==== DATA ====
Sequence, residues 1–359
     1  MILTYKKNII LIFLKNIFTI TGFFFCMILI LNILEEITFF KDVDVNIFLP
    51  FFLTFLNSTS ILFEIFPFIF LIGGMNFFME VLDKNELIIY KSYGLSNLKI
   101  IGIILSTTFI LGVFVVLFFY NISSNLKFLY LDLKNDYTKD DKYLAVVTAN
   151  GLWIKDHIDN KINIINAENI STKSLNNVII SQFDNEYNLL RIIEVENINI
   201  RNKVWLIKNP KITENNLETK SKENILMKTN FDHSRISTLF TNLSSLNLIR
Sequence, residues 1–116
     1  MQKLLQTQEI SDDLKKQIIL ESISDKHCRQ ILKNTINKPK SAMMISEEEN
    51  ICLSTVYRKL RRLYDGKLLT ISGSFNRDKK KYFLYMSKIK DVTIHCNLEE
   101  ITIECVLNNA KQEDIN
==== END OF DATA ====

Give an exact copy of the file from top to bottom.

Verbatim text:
Sequence, residues 1–359
     1  MILTYKKNII LIFLKNIFTI TGFFFCMILI LNILEEITFF KDVDVNIFLP
    51  FFLTFLNSTS ILFEIFPFIF LIGGMNFFME VLDKNELIIY KSYGLSNLKI
   101  IGIILSTTFI LGVFVVLFFY NISSNLKFLY LDLKNDYTKD DKYLAVVTAN
   151  GLWIKDHIDN KINIINAENI STKSLNNVII SQFDNEYNLL RIIEVENINI
   201  RNKVWLIKNP KITENNLETK SKENILMKTN FDHSRISTLF TNLSSLNLIR
Sequence, residues 1–116
     1  MQKLLQTQEI SDDLKKQIIL ESISDKHCRQ ILKNTINKPK SAMMISEEEN
    51  ICLSTVYRKL RRLYDGKLLT ISGSFNRDKK KYFLYMSKIK DVTIHCNLEE
   101  ITIECVLNNA KQEDIN